From Bram Stoker to Oscar Wilde; Ireland boasts many names of great writers. As a big fan of Irish culture, I invite you to take a stroll through the country with me and discover the most exciting literary landmarks.
Let’s start with the UNESCO City of Literature: Dublin. Home to four Nobel Prize winners: Bernard Shaw, WB Yeats, Samuel Beckett and Seamus Heaney, Dublin is studded with plaques, statues, roads and bridges dedicated to the writers. Oscar Wilde rests near his childhood home in Merrion Square while Brendan Behan lays near the Grand Canal just down the road from his birthplace, Russell Street. Yes, this is the same canal made famous in Patrick Kavanagh’s ‘Canal Bank Walk’. The peaceful stretch of water makes the place ideal for a quiet read – no wonder it was favoured by the writers! Kavanagh also has a memorial dedicated to him on the canal. Behan’s memorial there was inaugurated by Mr.Ahern whose daughter went on to become a writer herself. Cecelia Ahern may be young but has gained widespread fame with novels such as Love Rosie, and PS I Love You, which have been turned into film. Many of her stories take place around the Georgian streets of Dublin.
An interesting site to see is the Dublin Castle where Dracula writer Bram Stoker spent many years of his life, or Trinity College, a mere five-minute walk away, where Stoker and other authors such as Wilde, attended. Between the two sites lies the Bewley’s café on Grafton Street. It offers you a chance to sit where writers the likes of James Joyce, Casey, and Kavanagh once used to relax.
Several other pubs were also graced by noteworthy writers. Behan was a frequent guest at the Neary’s while Davy Byrne’s was featured in Joyce’s Ulysses – both lie close to Trinity, which makes the area ideal to be explored on foot. A little drive southwards will take you to Toners, which was the only pub in Dublin to host WB Yeats, though frequented by Stoker.
Yeats also spent a lot of time in County Sligo, which can be reached via a 3-hour scenic drive following the M4 and N4 motorways from Dublin. Yeats was inspired by the Lough Gill to write The Lake Isle of Innisfree in which ‘peace comes dropping slow’. You can witness the Lough waterfalls for yourself by taking a boat trip. Yeats rests ‘Under the Ben Bulben’ mountain nearby, to which he dedicated a poem just a year before his death. There is a strange peace around his resting place. The mountain can be climbed in just a couple of hours and the view on top is definitely worth the hike.
In the North, Belfast is where CS Lewis took inspiration from the very same shipyards where Titanic was constructed. Today the Titanic Belfast monument stands in its place and is open to visitors – perfect for those who love historical places. Lewis spun the magical tale of Narnia taking inspiration from the Mourne Mountains in County Down which stand just hours away. The best way to explore the range is by car as they are dotted with various car-parks, so it’s easier for tourists. The Cave Hill is another mountain in Belfast you shouldn't miss. Some say Jonathan Swift saw a sleeping giant overlooking the city in it which inspired him to write the famous Gulliver’s Travels. Creative indeed! A twenty-minute drive from the hill is the Queen’s University where noteworthy poet Seamus Heaney polished his skills, and went on to earn such acclaim that they named their Poetry Centre after him.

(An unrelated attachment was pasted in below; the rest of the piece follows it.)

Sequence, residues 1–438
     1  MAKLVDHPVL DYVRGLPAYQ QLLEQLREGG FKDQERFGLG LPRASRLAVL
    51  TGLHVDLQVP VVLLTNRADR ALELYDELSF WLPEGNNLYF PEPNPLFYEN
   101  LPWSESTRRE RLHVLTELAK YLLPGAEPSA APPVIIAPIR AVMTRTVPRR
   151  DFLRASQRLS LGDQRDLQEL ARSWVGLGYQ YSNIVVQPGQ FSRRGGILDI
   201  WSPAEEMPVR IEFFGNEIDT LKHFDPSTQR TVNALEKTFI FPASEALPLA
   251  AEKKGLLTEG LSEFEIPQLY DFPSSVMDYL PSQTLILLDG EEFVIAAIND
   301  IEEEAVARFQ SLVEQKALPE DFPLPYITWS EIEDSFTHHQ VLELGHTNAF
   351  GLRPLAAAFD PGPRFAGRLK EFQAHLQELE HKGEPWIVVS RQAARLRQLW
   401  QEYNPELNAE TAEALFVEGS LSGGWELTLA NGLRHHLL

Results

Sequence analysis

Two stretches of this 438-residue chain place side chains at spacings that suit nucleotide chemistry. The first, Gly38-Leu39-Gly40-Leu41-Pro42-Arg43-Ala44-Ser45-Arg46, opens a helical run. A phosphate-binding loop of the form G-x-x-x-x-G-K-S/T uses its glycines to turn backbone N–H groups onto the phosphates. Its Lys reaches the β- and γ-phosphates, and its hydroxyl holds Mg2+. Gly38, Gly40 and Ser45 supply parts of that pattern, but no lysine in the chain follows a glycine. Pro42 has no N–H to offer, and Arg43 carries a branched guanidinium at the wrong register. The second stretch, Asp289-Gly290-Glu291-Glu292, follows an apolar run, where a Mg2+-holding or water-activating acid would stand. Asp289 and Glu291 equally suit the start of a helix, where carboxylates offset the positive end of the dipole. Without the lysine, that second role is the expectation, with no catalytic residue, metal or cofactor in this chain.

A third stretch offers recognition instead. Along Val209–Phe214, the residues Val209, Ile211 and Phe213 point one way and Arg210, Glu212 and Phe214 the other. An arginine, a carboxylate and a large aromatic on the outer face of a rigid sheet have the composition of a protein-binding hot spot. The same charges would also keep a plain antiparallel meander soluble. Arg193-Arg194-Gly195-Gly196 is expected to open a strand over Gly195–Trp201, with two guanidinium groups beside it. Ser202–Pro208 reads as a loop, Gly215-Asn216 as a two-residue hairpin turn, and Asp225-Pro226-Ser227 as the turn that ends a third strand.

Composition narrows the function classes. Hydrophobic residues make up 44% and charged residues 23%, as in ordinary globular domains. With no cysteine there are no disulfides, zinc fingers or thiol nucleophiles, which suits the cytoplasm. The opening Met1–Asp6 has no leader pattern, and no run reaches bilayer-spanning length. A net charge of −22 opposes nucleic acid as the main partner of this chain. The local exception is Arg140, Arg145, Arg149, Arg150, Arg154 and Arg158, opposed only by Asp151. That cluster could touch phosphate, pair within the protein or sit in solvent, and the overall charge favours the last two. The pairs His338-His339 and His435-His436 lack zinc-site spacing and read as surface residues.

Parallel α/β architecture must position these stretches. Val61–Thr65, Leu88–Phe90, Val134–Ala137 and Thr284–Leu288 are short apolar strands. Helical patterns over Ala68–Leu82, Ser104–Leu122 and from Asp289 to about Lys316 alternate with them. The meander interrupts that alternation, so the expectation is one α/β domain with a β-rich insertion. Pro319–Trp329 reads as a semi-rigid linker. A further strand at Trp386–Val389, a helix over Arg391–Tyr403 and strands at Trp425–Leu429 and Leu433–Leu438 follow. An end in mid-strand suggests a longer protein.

If you want to explore more of Northern Ireland’s literary treasures, the next stop for you is the Monaghan County, which produced Patrick Kavanagh. The poet captured the raw honesty of everyday life for Irish folk. His novel Tarry Flynn depicted the essence of Monaghan County. There, the Patrick Kavanagh Resource centre honours him at Inniskeen – his birthplace – which houses paintings based on his works, an exhibition on his life and a theatre.
Down a two-hour drive South of Dublin in Wexford, Colm Tóibín wrote his famous work ‘Brooklyn’ about a Wexford based woman and her homesickness for Ireland. Its film adaptation stars Saoirse Ronan as the lead.
Now, we catch the next train to Limerick, where the Pulitzer Prize winner Frank McCourt spent his youth. He wrote the bestseller Angela’s Ashes; a memoir about his personal struggles having to leave Brooklyn for Limerick. He immortalised the city with his words. The Frank McCourt Museum has a large collection of memorabilia from Angela’s Ashes, and it’s just a few minutes’ walk from the Limerick station and can be your first stop upon reaching the city.
If you choose to drive over traveling by train, make sure to also take time to find the most scenic routes and turn your adventure into a literary road trip around Ireland. As they say: sometimes it isn’t all about the destination, but the journey itself, and Ireland has beautiful scenery to offer; from coastlines to mountains.
Ireland is a small country, but the literary talent it has produced and continues to produce is endless. It seems that every corner in Ireland has its own story to tell, and these trails bear witness to Ireland’s literary accomplishments; Shakespeare may just as well have said this for Ireland, ‘and though she be but little, she is fierce.'